26

I am suspecting that a Windows user logged onto my computer with my password. So, is it possible that I can see a trace of logging in on my computer?

  • If that person had root access to your system (through sudo for example), then you effectively can't be sure they haven't tampered with the logs. – Léo Lam Sep 17 '15 at 17:38
28

Method 1:

Get the user login history at any time

last command will give login history for a specific username. If we don’t give any argument for this command, it will list login history for all users. By default this information will read from /var/log/wtmp file. The output of this command contains the following columns:

  • User name
  • Tty device number
  • Login date and time
  • Logout time
  • Total working time

Command: $last jason

jason   pts/0        dev-db-server   Fri Mar 27 22:57   still logged in
jason   pts/0        dev-db-server   Fri Mar 27 22:09 - 22:54  (00:45)
jason   pts/0        dev-db-server   Wed Mar 25 19:58 - 22:26  (02:28)
jason   pts/1        dev-db-server   Mon Mar 16 20:10 - 21:44  (01:33)
jason   pts/0        192.168.201.11  Fri Mar 13 08:35 - 16:46  (08:11)
jason   pts/1        192.168.201.12  Thu Mar 12 09:03 - 09:19  (00:15)
jason   pts/0        dev-db-server   Wed Mar 11 20:11 - 20:50  (00:39

Method 2:

You can also use the command lastlog command on Linux. It gives you more granular controls as to ranges of dates when looking through the logs of user logins.

lastlog man page:

lastlog - reports the most recent login of all users or of a given user

Example: To find out the users that have logged into a system in the last 100 days.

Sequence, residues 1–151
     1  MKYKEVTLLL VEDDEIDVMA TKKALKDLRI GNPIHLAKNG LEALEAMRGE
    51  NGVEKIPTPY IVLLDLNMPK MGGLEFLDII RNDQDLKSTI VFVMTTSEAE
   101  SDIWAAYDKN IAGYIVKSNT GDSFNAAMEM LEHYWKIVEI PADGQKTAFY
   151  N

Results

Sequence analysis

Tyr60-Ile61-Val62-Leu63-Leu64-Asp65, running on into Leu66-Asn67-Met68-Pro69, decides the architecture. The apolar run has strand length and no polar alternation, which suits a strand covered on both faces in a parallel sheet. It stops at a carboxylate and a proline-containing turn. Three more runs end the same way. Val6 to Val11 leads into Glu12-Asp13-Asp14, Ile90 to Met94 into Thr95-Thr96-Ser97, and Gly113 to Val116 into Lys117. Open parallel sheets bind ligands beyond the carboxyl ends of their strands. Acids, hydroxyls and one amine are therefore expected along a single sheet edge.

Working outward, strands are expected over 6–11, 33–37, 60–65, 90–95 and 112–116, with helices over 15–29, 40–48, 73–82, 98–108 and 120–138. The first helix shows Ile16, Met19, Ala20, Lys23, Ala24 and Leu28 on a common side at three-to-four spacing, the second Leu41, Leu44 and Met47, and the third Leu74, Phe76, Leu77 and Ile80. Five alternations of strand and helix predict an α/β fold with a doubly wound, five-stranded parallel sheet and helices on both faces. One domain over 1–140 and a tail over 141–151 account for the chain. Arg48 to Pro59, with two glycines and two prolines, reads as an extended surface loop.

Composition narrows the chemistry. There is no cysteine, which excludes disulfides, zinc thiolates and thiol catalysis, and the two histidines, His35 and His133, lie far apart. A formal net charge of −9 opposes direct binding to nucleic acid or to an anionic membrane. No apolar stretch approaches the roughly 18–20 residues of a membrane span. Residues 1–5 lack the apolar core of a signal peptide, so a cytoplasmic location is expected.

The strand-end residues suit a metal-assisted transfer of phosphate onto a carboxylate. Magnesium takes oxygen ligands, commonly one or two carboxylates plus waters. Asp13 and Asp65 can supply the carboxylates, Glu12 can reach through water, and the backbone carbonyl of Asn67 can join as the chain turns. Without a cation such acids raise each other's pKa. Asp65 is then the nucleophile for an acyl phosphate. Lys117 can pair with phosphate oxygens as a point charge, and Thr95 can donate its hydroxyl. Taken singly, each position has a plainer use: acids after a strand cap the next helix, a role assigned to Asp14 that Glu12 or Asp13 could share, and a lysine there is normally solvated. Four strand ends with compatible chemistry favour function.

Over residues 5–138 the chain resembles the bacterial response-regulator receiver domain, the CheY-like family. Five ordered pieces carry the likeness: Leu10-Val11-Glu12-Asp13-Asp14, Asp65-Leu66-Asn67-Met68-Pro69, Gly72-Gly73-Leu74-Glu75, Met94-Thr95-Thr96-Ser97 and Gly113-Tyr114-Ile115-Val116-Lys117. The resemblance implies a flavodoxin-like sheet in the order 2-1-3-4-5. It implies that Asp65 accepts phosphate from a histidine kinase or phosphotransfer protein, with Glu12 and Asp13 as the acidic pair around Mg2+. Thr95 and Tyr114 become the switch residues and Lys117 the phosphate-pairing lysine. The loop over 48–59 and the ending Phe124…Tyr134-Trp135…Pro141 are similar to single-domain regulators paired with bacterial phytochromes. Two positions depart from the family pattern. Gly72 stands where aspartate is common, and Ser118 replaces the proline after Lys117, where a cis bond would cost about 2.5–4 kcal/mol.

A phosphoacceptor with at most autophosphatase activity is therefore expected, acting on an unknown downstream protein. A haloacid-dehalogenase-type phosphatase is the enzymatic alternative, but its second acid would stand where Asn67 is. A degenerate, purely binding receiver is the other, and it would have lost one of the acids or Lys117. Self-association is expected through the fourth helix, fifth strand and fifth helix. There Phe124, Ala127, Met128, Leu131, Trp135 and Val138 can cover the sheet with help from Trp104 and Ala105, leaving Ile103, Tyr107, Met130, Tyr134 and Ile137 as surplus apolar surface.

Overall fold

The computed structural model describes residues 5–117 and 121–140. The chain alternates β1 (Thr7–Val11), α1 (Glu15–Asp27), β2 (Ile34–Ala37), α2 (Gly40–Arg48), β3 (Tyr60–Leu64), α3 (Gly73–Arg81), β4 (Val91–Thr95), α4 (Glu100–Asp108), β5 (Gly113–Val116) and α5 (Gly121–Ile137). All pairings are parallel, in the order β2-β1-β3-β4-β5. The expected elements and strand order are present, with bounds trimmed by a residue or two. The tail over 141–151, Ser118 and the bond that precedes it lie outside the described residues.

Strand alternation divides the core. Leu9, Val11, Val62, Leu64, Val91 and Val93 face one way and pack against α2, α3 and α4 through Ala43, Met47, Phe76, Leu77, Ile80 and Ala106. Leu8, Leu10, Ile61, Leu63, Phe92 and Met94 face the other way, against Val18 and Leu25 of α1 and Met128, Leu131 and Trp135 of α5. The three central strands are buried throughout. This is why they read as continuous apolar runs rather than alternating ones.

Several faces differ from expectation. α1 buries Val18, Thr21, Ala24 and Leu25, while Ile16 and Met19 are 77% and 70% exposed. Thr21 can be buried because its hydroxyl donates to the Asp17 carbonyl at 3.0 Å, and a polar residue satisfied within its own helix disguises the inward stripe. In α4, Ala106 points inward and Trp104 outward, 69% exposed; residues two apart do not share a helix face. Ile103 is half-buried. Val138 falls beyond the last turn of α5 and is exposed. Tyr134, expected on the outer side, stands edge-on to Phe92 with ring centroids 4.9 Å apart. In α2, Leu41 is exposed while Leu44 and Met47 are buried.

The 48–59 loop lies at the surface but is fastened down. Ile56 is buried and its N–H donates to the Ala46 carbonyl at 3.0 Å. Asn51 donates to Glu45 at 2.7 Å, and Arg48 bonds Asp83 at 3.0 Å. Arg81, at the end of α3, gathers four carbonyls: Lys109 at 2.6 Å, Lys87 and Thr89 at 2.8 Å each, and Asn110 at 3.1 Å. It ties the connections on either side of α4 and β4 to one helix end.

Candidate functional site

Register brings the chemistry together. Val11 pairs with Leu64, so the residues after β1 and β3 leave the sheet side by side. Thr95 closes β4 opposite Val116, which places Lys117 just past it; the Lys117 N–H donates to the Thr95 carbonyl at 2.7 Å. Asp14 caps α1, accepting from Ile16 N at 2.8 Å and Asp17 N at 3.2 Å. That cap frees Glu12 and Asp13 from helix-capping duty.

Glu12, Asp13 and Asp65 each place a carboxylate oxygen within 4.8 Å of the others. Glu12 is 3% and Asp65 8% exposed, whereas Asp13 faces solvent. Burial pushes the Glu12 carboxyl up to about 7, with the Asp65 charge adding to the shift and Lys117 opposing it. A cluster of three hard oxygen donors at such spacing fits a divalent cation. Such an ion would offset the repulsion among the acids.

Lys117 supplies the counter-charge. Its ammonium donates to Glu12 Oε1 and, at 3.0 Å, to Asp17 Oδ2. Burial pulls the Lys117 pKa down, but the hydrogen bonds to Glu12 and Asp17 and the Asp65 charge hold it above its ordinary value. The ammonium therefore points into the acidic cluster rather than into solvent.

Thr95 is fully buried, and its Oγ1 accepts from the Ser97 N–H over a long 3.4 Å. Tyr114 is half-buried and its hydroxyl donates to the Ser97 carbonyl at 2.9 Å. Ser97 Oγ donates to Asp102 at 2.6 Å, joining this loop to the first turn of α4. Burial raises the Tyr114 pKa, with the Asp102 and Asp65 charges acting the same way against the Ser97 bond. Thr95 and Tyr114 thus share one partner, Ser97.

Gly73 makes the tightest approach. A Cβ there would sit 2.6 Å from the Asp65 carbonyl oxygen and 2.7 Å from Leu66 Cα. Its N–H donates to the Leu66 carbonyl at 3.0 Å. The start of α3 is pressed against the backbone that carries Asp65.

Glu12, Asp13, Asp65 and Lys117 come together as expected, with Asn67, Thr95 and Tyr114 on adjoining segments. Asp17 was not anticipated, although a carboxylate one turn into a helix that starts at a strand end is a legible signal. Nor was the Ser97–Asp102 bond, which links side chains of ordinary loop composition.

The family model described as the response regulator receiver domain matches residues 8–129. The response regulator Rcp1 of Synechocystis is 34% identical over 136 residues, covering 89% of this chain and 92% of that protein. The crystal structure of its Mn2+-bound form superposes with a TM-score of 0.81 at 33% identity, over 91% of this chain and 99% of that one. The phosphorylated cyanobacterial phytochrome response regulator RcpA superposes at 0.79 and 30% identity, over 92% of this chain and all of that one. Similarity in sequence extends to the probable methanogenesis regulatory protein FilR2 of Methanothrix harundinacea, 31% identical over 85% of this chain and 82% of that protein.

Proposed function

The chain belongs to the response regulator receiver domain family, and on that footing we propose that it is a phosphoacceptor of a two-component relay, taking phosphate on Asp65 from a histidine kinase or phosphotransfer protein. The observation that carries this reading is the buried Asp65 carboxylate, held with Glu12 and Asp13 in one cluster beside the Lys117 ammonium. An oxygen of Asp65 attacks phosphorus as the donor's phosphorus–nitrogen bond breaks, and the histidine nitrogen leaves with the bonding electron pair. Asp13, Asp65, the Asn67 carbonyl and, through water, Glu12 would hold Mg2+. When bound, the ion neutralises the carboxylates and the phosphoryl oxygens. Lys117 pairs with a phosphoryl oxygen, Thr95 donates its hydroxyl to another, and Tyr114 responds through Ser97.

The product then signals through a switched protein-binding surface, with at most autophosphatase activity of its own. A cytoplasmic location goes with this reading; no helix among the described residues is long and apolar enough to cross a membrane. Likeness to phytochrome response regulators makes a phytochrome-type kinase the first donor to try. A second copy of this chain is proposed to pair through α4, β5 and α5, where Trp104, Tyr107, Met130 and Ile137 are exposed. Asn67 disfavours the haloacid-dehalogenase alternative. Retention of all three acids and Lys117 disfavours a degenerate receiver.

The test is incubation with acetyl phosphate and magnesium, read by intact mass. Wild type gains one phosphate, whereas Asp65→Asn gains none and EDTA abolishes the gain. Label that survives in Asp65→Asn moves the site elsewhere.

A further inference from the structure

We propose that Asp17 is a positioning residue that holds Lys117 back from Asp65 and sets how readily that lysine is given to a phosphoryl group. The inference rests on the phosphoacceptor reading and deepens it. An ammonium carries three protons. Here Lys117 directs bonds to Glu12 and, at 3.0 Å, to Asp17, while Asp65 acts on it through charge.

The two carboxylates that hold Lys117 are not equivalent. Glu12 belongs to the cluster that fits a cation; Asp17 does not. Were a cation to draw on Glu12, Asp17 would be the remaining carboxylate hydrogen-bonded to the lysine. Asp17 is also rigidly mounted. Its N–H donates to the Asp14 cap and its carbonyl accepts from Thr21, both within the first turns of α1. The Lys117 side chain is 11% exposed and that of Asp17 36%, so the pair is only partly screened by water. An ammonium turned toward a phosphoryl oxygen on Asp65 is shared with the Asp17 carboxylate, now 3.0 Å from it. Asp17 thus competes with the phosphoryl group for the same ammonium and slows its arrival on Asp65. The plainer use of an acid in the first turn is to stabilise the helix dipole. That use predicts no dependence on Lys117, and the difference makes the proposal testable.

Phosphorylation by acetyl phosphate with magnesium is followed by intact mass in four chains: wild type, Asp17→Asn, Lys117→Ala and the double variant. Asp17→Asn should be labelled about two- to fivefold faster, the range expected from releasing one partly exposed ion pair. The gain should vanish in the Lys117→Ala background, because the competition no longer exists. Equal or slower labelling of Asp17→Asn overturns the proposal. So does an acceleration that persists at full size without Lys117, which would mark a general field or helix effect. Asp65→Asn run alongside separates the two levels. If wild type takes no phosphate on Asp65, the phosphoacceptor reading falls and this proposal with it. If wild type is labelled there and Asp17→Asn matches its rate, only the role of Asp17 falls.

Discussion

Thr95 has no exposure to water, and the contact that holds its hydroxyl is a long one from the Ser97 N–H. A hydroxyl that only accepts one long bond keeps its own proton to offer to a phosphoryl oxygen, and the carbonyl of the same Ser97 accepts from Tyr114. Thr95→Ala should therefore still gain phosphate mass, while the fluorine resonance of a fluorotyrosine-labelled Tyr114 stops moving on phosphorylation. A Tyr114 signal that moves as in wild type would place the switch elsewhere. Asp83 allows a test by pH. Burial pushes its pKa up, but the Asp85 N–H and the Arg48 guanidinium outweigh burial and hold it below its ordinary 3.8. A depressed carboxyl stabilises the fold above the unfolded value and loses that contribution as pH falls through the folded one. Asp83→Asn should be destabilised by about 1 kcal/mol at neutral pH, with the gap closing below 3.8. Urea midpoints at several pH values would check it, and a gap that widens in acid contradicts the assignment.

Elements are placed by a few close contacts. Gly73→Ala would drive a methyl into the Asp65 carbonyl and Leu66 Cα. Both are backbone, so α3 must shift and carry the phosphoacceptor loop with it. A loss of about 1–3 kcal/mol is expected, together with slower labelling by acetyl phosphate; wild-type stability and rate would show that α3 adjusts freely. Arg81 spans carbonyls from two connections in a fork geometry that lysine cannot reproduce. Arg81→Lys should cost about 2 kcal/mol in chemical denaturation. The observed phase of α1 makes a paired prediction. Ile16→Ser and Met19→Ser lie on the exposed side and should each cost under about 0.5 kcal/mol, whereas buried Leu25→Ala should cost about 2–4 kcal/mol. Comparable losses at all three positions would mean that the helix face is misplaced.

$ lastlog -b 0 -t 100
Username         Port     From             Latest
sam              pts/0    pegasus          Wed Jan  8 20:32:25 -0500     2014
joe              pts/0    192.168.1.105    Thu Dec 12 12:47:11 -0500 2013

This shows that the last times these users logged into this system. The range of time shows the last 100 days. Before today (-b 0) and after 100 days ago (-t 100).

You can also show all the users by omitting any range and just seeing every usre that's ever logged in, and the last time they logged in.

  • 4
    How can I delete my trace after login into his computer? :) – Katu Sep 15 '15 at 18:01
  • Try to override a file like this using sudo access: >/var/log/wtmp. This will delete all last log info. – snoop Sep 16 '15 at 0:31
  • The nice thing about wtmp is it's a sparse file. I can /tell/ if you delete a record from it. – Joshua Sep 16 '15 at 2:37
8

You can use last to show you the last logins. There is also a log file for authentication specific actions in /var/log/auth.log

Your Answer

By clicking "Post Your Answer", you acknowledge that you have read our updated terms of service, privacy policy and cookie policy, and that your continued use of the website is subject to these policies.

Not the answer you're looking for? Browse other questions tagged or ask your own question.